Denise Wood (SL: Denlee Wobbit) is Senior Lecturer in the Bachelor of Media Arts program at the University of South Australia and the Teaching and Portfolio Leader of the School of Communication, International Studies and Languages. As one of Australia’s many educators who are utilising virtual environments in their roles, I was aware of Denise’s work in regards to disabilities and accessibility, so I asked her to have a chat about her efforts to date in Second Life.
As you’ll see below, that discussion covered a number of areas in detail. It’s yet another example of the promising work being done by Australian educators. I was particularly struck by the growing level of collaboration between institutions, which is imperative for ongoing success.
If you’d like to see the University of South Australia’s Second Life presence for yourself, here’s where to go.
Lowell: To start off, can you give a little history of how you got involved with Second Life at first?
Denlee: Sure – We initially became involved out of interest in the possibilities that virtual worlds offer for experiential learning. As an educator in the field of media arts, I was interested in exploring possibilities for engaging students in problem solving activities within a flexible environment that facilitates collaborative learning activities. So we applied for a University of South Australia (UniSA) Teaching and Learning Grant initially to fund the purchase of the island and to maintain it for a year while we conducted trials with some identified courses. That grant was successful and that is how we initially funded purchase and upkeep of the UniSA island.
Once I was teaching in Second Life (SL) I became concerned at the issues for students with disabilities. As someone with many years experience working with people who have disabilities and as an educator teaching in a University that prides itself on access and equity that was a concern. So we applied to the Australian Learning and Teaching Council (ALTC) for a grant to develop an open source environment to enhance accessibility in virtual worlds
Lowell: So how much experience with SL did you have prior to making the grant application i.e. was there a key event or experience that ‘turned the light on’ so to speak?
Denlee: I had very little experience in SL prior to applying for the grant. Most of my knowledge was based initially on review of the literature. I spent some time exploring SL prior to applying – and enrolled in building classes and so on, and of course visited education sims, but most came from reading case studies and my own knowledge of simulated learning environments.
Lowell: So how were those first days and weeks in SL for you – did you find it an incredible eye-opener for its opportunities or did it seem a natural extension for you on previous work you’d done?
Denlee: It was a wonderful experience – naturally a little overwhelming initially. Having applied for the grant and received the funding close to the end of the academic year was rather fortunate as it meant that I was able to spend many, many hours over the summer break immersed in SL – I was in SL every day – 7 days a week for about 6 weeks and really did become part of the community through that process. Knowing that we would be trialling courses the next semester was also great motivation to spend the time and make the commitment. I knew I would need to feel very confident myself before attempting to teach students in this environment. And attending building classes gave me the skills but also ideas about what works and what doesn’t in teaching in this context.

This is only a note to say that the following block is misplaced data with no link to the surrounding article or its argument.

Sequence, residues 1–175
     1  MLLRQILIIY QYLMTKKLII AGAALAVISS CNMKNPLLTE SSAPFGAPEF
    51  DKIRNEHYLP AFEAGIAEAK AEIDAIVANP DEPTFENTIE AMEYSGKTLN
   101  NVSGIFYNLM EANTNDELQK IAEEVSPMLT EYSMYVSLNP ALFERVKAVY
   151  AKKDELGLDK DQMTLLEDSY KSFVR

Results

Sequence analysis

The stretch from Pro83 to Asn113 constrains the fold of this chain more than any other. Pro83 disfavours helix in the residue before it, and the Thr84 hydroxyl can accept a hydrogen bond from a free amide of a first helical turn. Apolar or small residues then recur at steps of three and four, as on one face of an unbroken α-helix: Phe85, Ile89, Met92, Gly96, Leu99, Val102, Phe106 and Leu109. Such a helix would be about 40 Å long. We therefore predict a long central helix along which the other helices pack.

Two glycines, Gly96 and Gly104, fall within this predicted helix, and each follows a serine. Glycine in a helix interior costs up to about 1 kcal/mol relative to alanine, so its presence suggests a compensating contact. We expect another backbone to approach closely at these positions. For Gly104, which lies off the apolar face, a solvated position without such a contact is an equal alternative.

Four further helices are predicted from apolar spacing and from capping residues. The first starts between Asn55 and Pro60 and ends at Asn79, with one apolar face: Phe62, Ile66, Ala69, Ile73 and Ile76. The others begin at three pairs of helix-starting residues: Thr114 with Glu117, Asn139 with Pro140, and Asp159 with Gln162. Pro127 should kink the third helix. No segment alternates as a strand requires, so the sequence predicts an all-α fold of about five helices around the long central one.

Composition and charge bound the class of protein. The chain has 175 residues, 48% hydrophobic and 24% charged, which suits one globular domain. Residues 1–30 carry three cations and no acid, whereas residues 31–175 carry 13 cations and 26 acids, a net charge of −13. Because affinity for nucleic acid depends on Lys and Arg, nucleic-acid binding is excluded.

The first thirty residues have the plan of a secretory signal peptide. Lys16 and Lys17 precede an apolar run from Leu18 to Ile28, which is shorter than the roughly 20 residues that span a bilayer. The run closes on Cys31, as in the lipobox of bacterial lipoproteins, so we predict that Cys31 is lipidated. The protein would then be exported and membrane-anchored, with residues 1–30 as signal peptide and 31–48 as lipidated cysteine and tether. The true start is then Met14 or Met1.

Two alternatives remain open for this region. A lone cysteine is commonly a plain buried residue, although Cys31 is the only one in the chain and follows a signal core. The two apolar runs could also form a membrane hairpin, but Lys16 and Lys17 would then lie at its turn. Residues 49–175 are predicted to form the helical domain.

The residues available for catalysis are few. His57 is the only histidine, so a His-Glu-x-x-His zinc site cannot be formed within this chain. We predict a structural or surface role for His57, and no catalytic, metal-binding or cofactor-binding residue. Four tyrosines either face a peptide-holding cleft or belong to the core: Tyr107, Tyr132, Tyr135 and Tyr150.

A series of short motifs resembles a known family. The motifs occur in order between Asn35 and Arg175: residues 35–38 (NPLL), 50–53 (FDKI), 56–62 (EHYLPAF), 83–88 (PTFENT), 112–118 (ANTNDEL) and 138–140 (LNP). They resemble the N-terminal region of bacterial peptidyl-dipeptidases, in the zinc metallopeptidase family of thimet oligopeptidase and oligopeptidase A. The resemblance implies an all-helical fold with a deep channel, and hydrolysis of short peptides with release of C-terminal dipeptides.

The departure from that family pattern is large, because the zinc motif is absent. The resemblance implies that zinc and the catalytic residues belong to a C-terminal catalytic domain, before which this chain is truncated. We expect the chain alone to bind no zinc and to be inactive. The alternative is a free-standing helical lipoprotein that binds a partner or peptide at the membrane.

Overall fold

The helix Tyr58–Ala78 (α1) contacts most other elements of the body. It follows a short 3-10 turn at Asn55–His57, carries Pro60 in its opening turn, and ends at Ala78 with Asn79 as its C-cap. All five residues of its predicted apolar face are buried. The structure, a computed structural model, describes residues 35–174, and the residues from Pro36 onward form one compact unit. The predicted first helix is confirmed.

Lowell: Let’s talk about the first courses you taught involving SL – what were the educational objectives you were looking to achieve?
Denlee: I trialled two initially. One was a course focusing on games design so SL seemed a perfect environment for achieving the learning objectives relating to that course, which focused on problem solving, team work, collaboration and communication. Students (5 or 6 per team including external students) created immersive games using holodecks on sky platforms.
The other course was one in which students create online portfolios to market their design skills. They created Websites and built complementary portfolios (kiosks) in SL that linked to their websites. The aim was for the students to understand the changing nature of designing for electronic media and the relationship between Web design and the future potential of virtual worlds as an extension of that. What surprised me was that students at first seemed to enjoy the activities and they did some fabulous work, but they were not as positive about the learning experience as we had anticipated.
Lowell: What were the issues they seemed to be unhappy with?
Denlee: Some of the issues seemed to be about the platform (buggy issues and so on) but that didn’t explain it all. And when we really analysed the evaluation data it appeared to be related to their inability to see the connection between the learning activities and their future career aspirations. Many said they would prefer to have created the game in another platform like Flash or Director or another gaming platform. And some of the web design students said they couldn’t see the value as they didn’t believe the future predictions that 3D virtual worlds would become more popular for businesses and marketing.
Lowell: Did they perhaps see SL as less graphically appealing, so more like ‘work’ than play?
Denlee: Actually it was the reverse. Some saw it as inappropriate because it was too much like play – almost as if they had preconceived ideas about what is a valid or authentic learning environment.
Lowell: Ok that’s interesting! So are those courses still being taught in that context – has SL become part of the core work done given the mixed feedback?